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US terror drive stalled in political quagmire
By Syed Saleem Shahzad Asia Times Online / May 31, 2008
KARACHI - Anti-American sentiment in the South Asian "war on terror" theater is on the rise, leaving Washington in a dilemma over how to intervene and preserve its interests.

A speech by former premier Nawaz Sharif on Youm-e-Takbeer (the 10th anniversary of Pakistan's testing of a nuclear device on May 28, 1998) illustrates how anti-Americanism has become a tool of politicians to mobilize the masses. He stated:

"I will not absolve [President Pervez] Musharraf from the accusations against him of devastating the country by selling it to foreign powers, carrying out the Lal Masjid massacre, incarcerating nuclear scientist Dr [Abdul Qadeer] Khan and superior court judges and handing over innocent Pakistanis to American agencies in return for dollars."

Sharif was referring to Musharraf signing onto the US-led "war on terror" after September 11, 2001, initiating the military raid on the pro-Taliban radical Lal Masjid (Red Mosque) in Islamabad last year, imprisoning Khan, the father of Pakistan's bomb program, and last year sacking judges opposed to Musharraf continuing his presidency.

Sharif, who heads the Pakistan Muslim League-Nawaz (PML-N), clearly does not want Musharraf to quietly fade away. He wants him accountable for his years in power after staging a military coup in 1999. The PML-N helped form a coalition government following February's elections, with the dominant Pakistan People's Party (PPP), but since then it has had an uneasy relationship with its new political partner.

Sharif's speech came ahead of a scheduled visit to Pakistan by Richard Boucher, the US assistant secretary of state for South and Central Asian Affairs. Boucher was due to coordinate with the PPP-led government, the presidency and the military over a better strategy in the "war on terror".

However, Boucher's trip was put on hold by the Pakistani ambassador to the US, Husain Haqqani, because of the high anti-American sentiment in the streets and the PML-N's plan to stage demonstrations on his arrival - this could have been embarrassing for Pakistan-US relations.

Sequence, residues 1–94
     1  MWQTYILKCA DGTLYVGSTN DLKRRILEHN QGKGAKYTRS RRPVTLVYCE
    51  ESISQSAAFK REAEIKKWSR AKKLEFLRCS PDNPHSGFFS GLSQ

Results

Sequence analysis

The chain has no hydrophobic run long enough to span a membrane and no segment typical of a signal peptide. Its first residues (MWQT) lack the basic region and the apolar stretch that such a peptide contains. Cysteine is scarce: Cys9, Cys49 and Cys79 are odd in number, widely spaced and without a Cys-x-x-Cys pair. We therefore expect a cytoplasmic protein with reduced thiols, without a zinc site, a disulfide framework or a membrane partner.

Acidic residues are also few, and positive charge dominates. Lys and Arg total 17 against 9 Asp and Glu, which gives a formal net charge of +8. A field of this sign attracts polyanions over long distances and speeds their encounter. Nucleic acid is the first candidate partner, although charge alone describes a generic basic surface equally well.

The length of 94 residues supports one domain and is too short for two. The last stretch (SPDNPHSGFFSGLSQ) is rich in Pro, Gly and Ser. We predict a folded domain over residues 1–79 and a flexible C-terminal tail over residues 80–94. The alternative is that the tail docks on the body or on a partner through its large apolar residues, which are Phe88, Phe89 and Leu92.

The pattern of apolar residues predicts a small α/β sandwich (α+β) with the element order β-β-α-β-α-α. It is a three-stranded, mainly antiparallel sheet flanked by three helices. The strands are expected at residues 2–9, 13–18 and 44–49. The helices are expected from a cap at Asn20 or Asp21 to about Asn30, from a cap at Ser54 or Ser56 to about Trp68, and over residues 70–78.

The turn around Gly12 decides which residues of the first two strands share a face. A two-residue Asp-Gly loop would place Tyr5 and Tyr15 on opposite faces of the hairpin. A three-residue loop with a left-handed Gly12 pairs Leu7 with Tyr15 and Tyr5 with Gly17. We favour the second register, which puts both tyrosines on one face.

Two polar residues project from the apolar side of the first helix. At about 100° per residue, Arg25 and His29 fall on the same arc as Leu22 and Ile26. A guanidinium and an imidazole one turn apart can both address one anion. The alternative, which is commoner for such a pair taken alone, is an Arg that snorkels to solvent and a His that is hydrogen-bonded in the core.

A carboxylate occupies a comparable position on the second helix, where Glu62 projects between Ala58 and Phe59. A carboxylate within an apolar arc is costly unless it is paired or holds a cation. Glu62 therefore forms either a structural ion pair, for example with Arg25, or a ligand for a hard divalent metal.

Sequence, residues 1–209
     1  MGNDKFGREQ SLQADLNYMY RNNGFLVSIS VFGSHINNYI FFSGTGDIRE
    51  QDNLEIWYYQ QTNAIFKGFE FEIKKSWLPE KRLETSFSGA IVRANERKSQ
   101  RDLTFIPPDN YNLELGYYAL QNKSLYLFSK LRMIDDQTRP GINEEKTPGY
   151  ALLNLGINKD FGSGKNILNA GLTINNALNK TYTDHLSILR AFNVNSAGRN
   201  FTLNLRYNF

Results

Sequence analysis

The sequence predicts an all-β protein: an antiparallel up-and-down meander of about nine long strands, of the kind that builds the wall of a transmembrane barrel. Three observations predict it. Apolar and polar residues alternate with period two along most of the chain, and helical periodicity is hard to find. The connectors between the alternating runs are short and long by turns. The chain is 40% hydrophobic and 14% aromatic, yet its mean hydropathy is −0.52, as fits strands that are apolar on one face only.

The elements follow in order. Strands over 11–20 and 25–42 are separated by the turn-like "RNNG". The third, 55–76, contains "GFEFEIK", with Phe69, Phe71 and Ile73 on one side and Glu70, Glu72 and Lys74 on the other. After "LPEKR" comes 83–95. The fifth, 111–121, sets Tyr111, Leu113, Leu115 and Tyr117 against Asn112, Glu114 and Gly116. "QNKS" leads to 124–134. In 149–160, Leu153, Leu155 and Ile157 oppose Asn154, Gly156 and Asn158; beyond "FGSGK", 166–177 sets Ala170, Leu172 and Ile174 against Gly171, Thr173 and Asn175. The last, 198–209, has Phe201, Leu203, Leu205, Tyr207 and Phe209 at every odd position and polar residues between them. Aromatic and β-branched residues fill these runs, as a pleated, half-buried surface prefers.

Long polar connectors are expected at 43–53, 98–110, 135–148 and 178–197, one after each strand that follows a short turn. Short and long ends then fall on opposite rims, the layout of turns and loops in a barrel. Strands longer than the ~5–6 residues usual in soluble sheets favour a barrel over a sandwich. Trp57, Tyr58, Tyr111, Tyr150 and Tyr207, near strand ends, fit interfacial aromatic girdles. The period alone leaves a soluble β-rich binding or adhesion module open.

Perhaps not coincidentally, a series of telephone interviews by Khan, who is under house arrest, was aired recently by selected local television networks. Khan lambasted the US, as well as Musharraf, over his detention. In January 2004, Khan confessed to having been involved in a clandestine international network of nuclear weapons technology proliferation from Pakistan to Libya, Iran and North Korea. He was pardoned by Musharraf, but placed under house arrest.

Khan now denies leaking atomic secrets, according to the British Broadcasting Corp, citing a telephone interview with the scientist whose details were published on Thursday. Khan said pressure was put on him to accept the charges "in the national interest", the BBC said on its website. "These are false allegations," he told the broadcaster's Urdu service. When asked why he was put under pressure to confess, Khan said: "If one person takes responsibility, you save the country."

Earlier, in a little-noticed move, a former Inter-Services Intelligence (ISI) official, retired Squadron Leader Khalid Khawaja, applied to register a police case against Musharraf, General Tariq Majeed, the then-Corps Commander Rawalpindi and now chairman of the Joint Chiefs of Staff Committee, as well as other civilian officials, in connection with killings during the storming of the Lal Masjid.

Khalid was once friendly with Osama bin Laden and helped set up Sharif's many meetings with the al-Qaeda leader in an attempt to topple Benazir Bhutto's government in 1989. (See The pawns who pay as powers play Asia Times Online, June 22, 2005.) After many denials, Sharif finally admitted to those meetings in a recent television show, saying that at the time even the Americans were meeting with bin Laden.

Khalid also applied for the registration of several other cases in connection with abductions - people suspected of al-Qaeda and Taliban links detained by the security forces without any police case being laid against them.

Musharraf was cited in these cases and should he resign from the presidency the cases against him will immediately be activated and could lead to his arrest and trial, which is what Sharif hinted at in his Youm-e-Takbeer speech. Rumors have been circulating in Pakistan over the past few days that Musharraf is about to step down.

Another showdown involves retired Lieutenant General Hamid Gul, a former head of the ISI. A number of retired military officers plan to lay siege around President's Lodge on June 10, demanding that Musharraf vacate the house and resign as president. Formerly known as Army House, the Rawalpindi residence was renamed President's Lodge after Musharraf quit as army chief last November and decided to continue living there for security reasons.